The University of Connecticut canceled its soccer season on Wednesday, changing into the primary member of the Football Bowl Subdivision to desert its schedule in full as a result of of the coronavirus pandemic.
Connecticut’s season was already in flux as a result of of the selections of main conferences, together with the Big Ten and Southeastern, to play solely inside their leagues. By the time Connecticut, which isn’t a member of any convention for soccer, introduced its determination on Wednesday morning, a 3rd of its deliberate video games had been canceled.
But in an announcement, David Benedict, the athletic director at Connecticut, cited the pandemic’s perils, not scheduling problems, as the explanation to drop plans for the season.
“The safety challenges created by Covid-19 place our football student-athletes at an unacceptable level of risk,” he mentioned. “The necessary measures needed to mitigate risk of football student-athletes contracting the coronavirus are not conducive to delivering an optimal experience for our team.”
In an announcement launched by the college, soccer gamers mentioned they supported the choice, partially as a result of “not enough is known about the potential long term effects of contracting” the virus.
“We love this game and love competing,” the gamers mentioned within the joint assertion. “We came to campus in the beginning of July knowing there would be challenges presented by the pandemic but it is apparent to us now that these challenges are impossible to overcome.”
The determination from Connecticut, the place the soccer workforce misplaced greater than $13 million final 12 months, got here because the National Collegiate Athletic Association ready to supply extra particulars on Wednesday about its plans for championships in 22 fall sports activities. (The College Football Playoff, the competitors that’s the most profitable and distinguished of occasions involving fall sports activities, is not going to be affected by the choice.)
The Coronavirus Outbreak
Sports and the Virus
Updated Aug. 5, 2020
Here’s what’s occurring because the world of sports activities slowly comes again to life:
- Rafael Nadal mentioned he would not defend his U.S. Open tennis title because he preferred not to travel to New York during the coronavirus pandemic.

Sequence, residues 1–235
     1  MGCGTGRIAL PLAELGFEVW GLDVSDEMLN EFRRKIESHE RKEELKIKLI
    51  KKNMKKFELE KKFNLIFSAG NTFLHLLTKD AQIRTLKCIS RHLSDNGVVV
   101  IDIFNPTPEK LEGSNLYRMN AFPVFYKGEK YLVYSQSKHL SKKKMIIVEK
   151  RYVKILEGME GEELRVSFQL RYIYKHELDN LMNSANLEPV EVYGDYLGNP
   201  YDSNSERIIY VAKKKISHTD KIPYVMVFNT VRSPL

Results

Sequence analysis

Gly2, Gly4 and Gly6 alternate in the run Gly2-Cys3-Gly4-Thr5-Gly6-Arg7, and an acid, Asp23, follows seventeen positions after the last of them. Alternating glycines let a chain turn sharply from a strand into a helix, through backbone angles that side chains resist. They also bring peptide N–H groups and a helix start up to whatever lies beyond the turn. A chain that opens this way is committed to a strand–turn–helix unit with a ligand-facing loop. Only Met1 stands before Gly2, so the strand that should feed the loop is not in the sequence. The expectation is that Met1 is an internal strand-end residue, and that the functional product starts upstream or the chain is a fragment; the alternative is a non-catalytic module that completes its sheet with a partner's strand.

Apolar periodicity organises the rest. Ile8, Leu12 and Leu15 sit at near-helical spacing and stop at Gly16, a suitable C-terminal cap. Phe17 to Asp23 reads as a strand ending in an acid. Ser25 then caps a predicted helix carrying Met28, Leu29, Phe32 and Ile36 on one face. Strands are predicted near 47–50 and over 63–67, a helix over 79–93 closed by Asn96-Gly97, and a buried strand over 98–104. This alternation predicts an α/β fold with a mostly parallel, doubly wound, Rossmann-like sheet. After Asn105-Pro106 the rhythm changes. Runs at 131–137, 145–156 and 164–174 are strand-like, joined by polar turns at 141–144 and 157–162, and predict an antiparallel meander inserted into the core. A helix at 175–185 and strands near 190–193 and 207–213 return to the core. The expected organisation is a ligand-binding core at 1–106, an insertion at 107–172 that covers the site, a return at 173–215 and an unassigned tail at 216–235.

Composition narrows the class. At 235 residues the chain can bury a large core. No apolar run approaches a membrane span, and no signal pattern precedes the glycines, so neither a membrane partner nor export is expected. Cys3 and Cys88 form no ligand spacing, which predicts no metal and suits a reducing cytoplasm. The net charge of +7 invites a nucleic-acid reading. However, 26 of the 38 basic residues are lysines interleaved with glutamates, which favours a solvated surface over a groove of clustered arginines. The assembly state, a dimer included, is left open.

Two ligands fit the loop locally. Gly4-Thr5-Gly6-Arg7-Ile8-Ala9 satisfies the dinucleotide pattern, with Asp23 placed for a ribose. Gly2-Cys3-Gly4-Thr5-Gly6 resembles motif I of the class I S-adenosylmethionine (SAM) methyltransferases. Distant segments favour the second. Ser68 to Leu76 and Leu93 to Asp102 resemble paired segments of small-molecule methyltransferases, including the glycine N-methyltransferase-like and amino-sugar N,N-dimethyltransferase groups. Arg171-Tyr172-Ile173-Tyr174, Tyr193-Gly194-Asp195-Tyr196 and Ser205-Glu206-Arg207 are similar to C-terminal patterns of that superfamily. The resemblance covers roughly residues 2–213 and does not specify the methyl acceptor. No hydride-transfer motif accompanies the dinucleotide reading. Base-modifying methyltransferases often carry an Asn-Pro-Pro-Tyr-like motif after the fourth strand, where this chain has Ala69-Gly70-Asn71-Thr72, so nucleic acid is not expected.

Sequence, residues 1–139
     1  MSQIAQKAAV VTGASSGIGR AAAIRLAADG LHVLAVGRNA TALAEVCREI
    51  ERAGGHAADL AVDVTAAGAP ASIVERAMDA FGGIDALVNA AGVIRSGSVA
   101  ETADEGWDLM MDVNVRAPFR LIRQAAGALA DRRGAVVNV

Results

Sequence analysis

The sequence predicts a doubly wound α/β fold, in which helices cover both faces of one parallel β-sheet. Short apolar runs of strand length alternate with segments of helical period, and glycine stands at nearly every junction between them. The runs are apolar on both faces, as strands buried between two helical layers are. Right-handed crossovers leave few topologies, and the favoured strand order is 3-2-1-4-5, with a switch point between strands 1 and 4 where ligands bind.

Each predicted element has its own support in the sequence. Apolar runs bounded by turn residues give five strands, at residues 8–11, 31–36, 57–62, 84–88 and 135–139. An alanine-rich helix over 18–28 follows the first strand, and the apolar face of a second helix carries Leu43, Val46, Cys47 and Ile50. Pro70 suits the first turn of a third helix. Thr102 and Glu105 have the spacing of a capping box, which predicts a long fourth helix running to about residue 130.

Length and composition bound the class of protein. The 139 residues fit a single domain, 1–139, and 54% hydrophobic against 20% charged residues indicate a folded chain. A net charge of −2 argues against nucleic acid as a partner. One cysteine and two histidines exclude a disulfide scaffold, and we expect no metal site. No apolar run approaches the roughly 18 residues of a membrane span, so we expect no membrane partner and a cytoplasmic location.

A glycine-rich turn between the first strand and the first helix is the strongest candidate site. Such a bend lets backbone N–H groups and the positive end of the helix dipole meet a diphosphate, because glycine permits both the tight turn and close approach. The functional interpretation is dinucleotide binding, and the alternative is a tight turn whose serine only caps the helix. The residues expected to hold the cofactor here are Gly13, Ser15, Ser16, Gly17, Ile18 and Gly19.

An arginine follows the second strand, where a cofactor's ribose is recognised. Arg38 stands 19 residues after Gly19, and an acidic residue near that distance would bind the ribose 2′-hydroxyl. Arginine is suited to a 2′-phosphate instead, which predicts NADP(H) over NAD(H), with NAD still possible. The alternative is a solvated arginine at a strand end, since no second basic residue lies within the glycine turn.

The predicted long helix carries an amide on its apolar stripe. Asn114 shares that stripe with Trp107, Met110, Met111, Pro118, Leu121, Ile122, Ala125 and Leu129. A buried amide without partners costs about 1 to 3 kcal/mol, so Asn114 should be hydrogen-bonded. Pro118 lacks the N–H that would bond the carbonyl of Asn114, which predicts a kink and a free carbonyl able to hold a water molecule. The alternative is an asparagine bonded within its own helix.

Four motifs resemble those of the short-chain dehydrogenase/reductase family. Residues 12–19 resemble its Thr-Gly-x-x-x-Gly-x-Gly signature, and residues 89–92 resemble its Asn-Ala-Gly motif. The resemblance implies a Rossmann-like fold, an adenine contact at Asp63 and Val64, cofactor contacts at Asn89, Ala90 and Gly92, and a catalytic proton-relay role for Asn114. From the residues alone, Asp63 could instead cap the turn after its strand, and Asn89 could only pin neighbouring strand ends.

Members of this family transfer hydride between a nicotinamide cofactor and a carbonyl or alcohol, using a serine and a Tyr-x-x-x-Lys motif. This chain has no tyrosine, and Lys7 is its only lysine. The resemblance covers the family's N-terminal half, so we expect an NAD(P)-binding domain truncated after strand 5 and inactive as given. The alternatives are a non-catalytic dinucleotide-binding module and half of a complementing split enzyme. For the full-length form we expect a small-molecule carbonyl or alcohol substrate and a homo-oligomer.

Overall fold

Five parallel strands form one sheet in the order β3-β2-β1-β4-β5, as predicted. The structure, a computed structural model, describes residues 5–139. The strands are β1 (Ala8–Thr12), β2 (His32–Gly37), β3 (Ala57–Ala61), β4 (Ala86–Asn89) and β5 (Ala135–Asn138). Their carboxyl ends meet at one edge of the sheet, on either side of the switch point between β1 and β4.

- Marc Stein has covered the N.B.A. for nearly 30 years, but inside the league’s “bubble” he has seen all-new sights and sounds daily. Here are some snapshots.
- As the virus spreads through baseball, so does frustration. Series have been postponed, teams have been quarantined and road trips have been rerouted in a season that has been defined above all by its precariousness.
The wave of news on Wednesday — the Big Ten announced that it intends to begin its football season on Labor Day weekend — comes at a moment when playing college football is increasingly problematic as the landscape within the sport mirrors what is happening nationally, with hot spots emerging and few signs that the pandemic is under control. Six Big Ten schools have halted workouts, including Rutgers, where an outbreak has now infected 28 players and three staff members, according to NJ.com.
Cases like this are what prompted a group of Pac-12 players — at least one from every school in the league except the University of Colorado — to threaten Sunday to opt out of the season unless more health and safety measures were put in place, along with other demands. The group will meet this week with conference leaders.
Many schools without so much revenue at stake — football is responsible for tens of millions of dollars in income at many universities — have already postponed their football season.
Last month, the Ivy League postponed football, and all other sports played that begin in the fall semester, until at least January. So, too, did most historically Black colleges and universities. Several other Division I conferences that do not play football, including the Big West, the Western Athletic Conference, Atlantic-10 and America East, also announced they were postponing fall sports.
Conferences have been busy in recent weeks reconfiguring schedules and practice plans to provide flexibility for outbreaks that many executives concede seem inevitable once athletes begin to suit up.
All five major conferences, including the Southeastern, Pac-12, Big 12, Atlantic Coast and Big Ten, have reduced their schedules to 10 games.